It turns out I didn’t know what a pueblo is. I thought it was a structure. But it is actually a community. In fact, the word “pueblo” comes from Castilian for town or village and has the same Latin root as the English word “people.”
I visited Taos Pueblo today and learned a lot about how the community lives. Taos Pueblo is one of 21 federally-recognized pueblos in the USA, 19 of which are in New Mexico. About 4,500 people are members of the Taos Pueblo, but only a few families actually live in the pueblo; most have modern homes outside the pueblo and also maintain homes within the pueblo that they use for ceremonial occasions. There is no electricity or running water in the pueblo. The homes have outdoor ovens, they use propane lamps and batteries, and they get water from Red Willow Creek, which runs through the community and is drinkable without requiring any treatment.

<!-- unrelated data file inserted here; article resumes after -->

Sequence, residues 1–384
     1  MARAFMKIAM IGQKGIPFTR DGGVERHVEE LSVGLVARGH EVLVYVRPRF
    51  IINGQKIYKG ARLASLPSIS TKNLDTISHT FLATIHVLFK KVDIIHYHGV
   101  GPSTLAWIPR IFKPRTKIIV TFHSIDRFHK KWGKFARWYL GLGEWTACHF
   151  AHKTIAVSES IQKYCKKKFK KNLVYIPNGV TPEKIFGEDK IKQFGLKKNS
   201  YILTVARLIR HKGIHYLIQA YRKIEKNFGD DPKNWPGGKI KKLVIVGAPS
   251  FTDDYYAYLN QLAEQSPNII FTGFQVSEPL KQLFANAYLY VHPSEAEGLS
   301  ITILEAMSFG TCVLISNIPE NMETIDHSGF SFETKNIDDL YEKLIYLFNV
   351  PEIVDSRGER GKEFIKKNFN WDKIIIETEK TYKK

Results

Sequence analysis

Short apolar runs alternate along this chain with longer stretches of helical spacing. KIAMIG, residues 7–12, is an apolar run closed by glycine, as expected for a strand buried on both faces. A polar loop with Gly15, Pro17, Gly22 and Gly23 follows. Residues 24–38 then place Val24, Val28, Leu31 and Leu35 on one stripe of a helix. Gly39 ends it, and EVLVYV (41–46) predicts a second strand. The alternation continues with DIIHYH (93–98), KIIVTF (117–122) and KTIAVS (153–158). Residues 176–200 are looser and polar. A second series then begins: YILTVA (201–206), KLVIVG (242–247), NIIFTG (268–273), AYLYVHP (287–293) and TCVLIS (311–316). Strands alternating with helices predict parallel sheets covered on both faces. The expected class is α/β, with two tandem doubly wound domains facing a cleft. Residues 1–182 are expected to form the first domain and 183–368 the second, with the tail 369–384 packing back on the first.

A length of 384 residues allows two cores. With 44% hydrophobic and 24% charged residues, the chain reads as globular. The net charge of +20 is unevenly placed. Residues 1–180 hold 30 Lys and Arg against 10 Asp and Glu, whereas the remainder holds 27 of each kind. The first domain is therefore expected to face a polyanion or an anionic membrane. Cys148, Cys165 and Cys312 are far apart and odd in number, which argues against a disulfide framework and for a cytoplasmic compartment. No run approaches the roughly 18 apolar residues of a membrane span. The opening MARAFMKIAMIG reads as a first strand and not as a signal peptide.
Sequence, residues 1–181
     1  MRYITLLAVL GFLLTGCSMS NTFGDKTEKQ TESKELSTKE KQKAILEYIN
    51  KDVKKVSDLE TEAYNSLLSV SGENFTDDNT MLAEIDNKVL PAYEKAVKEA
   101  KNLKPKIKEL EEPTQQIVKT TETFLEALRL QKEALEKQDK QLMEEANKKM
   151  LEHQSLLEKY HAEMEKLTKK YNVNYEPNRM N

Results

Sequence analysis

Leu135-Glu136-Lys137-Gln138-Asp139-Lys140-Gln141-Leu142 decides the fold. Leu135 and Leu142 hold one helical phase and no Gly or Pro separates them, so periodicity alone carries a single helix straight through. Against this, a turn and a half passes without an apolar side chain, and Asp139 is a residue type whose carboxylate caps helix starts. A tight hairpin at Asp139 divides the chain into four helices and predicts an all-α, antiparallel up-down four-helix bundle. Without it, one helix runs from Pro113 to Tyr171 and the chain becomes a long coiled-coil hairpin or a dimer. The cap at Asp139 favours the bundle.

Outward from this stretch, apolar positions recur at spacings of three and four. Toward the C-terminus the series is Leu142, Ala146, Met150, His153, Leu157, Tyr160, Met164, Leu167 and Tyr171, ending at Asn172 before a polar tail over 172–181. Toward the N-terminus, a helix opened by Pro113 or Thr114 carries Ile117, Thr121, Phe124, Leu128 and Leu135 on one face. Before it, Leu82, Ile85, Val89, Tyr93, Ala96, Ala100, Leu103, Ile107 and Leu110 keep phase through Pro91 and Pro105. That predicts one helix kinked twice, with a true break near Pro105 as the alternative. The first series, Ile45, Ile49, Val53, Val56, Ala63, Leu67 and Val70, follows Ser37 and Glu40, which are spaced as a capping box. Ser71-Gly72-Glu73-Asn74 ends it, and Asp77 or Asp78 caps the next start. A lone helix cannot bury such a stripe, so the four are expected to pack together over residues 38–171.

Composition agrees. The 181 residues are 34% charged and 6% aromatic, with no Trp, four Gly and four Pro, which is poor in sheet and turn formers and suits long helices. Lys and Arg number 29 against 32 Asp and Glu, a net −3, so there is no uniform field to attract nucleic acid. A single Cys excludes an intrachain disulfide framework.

Before I went to the pueblo, I went to see the Church of San Francisco de Asis. It’s pretty famous because it was painted by Georgia O’Keeffe as well as many other artists.
Finally, it was time to depart Taos. I only stopped once along the way, at theRio Grande Gorge Bridge. Unfortunately, the weather wasn’t great, so the pics are kind of dark.
Then I drove straight through almost 4 hours of miserable weather and didn’t get to see too much of the beautiful scenery. I did see this though:
I arrived in Durango about 5:30, checked in to the historic Strater Hotel, where I have a tiny but charming room, and went out and had a great dinner at a brew pub with a very friendly bartender and excellent beer. And the sun came out just as I arrived in Durango. And it’s a really pretty town. So things are looking up.